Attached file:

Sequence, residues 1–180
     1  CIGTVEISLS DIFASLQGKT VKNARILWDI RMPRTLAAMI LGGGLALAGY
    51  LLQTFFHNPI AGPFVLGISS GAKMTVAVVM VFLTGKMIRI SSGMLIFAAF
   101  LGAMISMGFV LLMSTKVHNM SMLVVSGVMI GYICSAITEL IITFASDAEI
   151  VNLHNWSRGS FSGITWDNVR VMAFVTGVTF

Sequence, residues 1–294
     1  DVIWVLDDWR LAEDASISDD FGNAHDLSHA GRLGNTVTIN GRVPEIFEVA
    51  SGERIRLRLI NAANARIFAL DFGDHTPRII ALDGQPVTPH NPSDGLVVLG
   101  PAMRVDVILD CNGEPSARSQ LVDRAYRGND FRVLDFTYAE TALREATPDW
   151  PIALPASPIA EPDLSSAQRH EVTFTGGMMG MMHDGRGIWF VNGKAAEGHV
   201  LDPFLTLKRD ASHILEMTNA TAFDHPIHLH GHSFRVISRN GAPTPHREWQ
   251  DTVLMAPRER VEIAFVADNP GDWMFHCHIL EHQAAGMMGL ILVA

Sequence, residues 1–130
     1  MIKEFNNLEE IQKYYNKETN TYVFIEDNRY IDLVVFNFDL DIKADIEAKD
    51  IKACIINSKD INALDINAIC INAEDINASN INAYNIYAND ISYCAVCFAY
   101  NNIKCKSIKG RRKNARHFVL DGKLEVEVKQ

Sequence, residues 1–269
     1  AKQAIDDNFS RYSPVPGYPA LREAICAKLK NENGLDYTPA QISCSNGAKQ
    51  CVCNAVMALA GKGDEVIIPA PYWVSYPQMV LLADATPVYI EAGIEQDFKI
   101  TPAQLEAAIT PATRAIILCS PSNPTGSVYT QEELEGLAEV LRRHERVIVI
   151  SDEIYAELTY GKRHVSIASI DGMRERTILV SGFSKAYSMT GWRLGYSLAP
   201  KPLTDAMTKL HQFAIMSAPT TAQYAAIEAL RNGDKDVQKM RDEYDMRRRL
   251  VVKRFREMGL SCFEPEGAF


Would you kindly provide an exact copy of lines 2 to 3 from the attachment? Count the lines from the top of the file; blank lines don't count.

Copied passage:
     1  CIGTVEISLS DIFASLQGKT VKNARILWDI RMPRTLAAMI LGGGLALAGY
    51  LLQTFFHNPI AGPFVLGISS GAKMTVAVVM VFLTGKMIRI SSGMLIFAAF